researching and looking around it appears that 1. If the
 other cats haven't caught it by now chances are they might
 not. The sick kitty is 2 years old, the healthy kitties are
 2 years old and 15 months old. 2. I had the healthy kitties
 vaccinated against FeLV on the vet's recommendation and
 think that after they get their boosters the odds might be
 even slimmer of them getting infected. For
  now I have isolated Becca to my master bedroom/bathroom. I
 was planning on releasing her in three weeks after the other
 two kitties get their booster shots. 
  
 Am I making the right call? If I put Becca to sleep and the
 others eventually test positve then I will be crushed! But I
 don't want to continue to risk them either. It looks like
 based on my research it is rare for adult cats to get FeLV,
 and if they have already been exposed for so long (over a
 year) and are currently negative then aren't the odds good?
 I have to call the vet tomorrow to cancel the euthanasia and
 ask for some antibiotics instead, and I want to have some
 good reasons to give her for my change of heart, along with
 some good documentation she can research. I figure I can
 always use the next three weeks to think the decision
 through but if I put her down I can't take it back.  I
 don't know how much longer I'd have with her... but doing
 this when she is so healthy just doesn't sit with me. 
  
 I should add, I got these four kitties to replace my last
 kitty, who died from Renal Failure. He was given a few
 months to live and lived for three years under my care. I'm
 not afraid of a little work if it means quality of life for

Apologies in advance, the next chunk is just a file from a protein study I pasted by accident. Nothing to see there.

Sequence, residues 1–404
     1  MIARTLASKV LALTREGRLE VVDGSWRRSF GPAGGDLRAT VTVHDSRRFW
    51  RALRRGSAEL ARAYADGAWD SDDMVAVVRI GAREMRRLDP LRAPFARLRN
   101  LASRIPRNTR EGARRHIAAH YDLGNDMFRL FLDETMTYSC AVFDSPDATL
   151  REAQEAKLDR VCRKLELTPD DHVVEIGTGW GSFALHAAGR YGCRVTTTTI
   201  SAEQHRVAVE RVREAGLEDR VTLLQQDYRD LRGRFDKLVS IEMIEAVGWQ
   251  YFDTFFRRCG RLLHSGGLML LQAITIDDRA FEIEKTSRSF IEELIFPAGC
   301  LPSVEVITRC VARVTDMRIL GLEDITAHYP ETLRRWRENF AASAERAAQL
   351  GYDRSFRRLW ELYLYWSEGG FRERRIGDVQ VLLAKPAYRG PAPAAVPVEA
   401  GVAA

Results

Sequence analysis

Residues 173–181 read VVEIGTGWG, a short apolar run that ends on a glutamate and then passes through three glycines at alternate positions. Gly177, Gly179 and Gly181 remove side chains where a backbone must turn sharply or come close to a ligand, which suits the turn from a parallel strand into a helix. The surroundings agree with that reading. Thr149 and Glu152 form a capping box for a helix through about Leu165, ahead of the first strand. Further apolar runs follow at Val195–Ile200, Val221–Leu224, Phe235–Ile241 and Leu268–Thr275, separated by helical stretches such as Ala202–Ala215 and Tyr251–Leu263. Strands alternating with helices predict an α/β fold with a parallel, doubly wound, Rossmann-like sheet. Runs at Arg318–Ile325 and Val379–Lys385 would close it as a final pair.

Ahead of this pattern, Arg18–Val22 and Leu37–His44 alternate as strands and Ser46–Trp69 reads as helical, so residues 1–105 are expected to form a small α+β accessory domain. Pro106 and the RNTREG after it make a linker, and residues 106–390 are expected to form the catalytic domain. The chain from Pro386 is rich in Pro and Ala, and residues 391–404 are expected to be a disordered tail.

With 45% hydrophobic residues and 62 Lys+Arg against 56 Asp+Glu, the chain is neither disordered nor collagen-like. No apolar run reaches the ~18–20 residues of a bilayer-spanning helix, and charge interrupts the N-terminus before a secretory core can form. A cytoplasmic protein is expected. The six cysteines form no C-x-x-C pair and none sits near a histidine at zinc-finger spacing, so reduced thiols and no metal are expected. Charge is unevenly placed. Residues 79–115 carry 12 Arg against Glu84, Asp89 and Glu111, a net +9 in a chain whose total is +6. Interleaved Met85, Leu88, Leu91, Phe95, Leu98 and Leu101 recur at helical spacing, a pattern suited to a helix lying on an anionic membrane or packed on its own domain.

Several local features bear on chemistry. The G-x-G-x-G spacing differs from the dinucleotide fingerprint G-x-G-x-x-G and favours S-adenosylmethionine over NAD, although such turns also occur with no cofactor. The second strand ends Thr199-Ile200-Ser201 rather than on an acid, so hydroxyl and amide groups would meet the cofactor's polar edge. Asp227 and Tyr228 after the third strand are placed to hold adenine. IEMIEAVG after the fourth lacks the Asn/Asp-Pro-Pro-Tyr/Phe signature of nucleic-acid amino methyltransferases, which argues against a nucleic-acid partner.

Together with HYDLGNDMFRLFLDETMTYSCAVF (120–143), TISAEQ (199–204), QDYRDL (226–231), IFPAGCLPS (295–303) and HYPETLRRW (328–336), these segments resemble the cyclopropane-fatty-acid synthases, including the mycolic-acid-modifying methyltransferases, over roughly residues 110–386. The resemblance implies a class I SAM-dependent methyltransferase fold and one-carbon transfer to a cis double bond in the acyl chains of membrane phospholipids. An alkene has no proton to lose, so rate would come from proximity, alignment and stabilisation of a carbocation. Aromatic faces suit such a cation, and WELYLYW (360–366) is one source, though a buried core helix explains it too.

her and more time together with minimal risk to my other
 angels.
  
 Help??
  
 Iva
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Re: [Felvtalk] Introduction - Rebecca

2009-08-03 Thread Diane Rosenfeldt
Hi, Iva --

I'm so sorry you lost little Kiera. But that sounds like the right decision
to make for her. 

But for Becca -- you are absolutely right not to kill a healthy cat.  You've
taken the proper precautions with the other kitties. Others on this list
have discovered too late that one of their cats is positive, and still
their healthy cats have not caught FeLV.  You're right, an FeLV+ cat is not
a hotbed of infection to healthy, vaccinated adult cats.

I think probably a lot of people on this list will advise you to run
screaming from a vet who advises euthanizing a cat just in case. You don't
have to justify your decision not to kill Becca to anyone including the vet.
If she's not good with that, and will not use this as an opportunity to get
up to speed on FeLV (and continues to tell people to kill healthy cats!) you
should really look for another vet. You can call around and ask the vets'
philosophy on FeLV. 

Good luck with Becca. I know you'll get lots of good advice on this list.

Diane R.

-Original Message-
From: felvtalk-boun...@felineleukemia.org
[mailto:felvtalk-boun...@felineleukemia.org] On Behalf Of Iva Lark Emily
Seaberg
Sent: Sunday, August 02, 2009 11:51 PM
To: felvtalk@felineleukemia.org
Subject: [Felvtalk] Introduction - Rebecca

My 2 year old cat Rebecca (Becca) was diagnosed with FeLV on Friday. A brief
history: I adopted Becca, along with another kitty Katherine, from PetSmart
when they were a few months old. They had both been tested FeLV negative.
But I did notice that a week after I brought them home Becca developed large
lymph nodes around her neck that disappeared in a few weeks. I thought
nothing of it and thought maybe she was fighting something off. They both
came home with ringworm so the vet and I assumed Becca was just reacting to
it pretty badly. 
 
Almost a year later I adopted two kittens (Kiera and Casanova) from my
neighbor, both FeLV negative. Shortly after I brought them home and around
the time they both got spayed/neutered at the SPCA one of them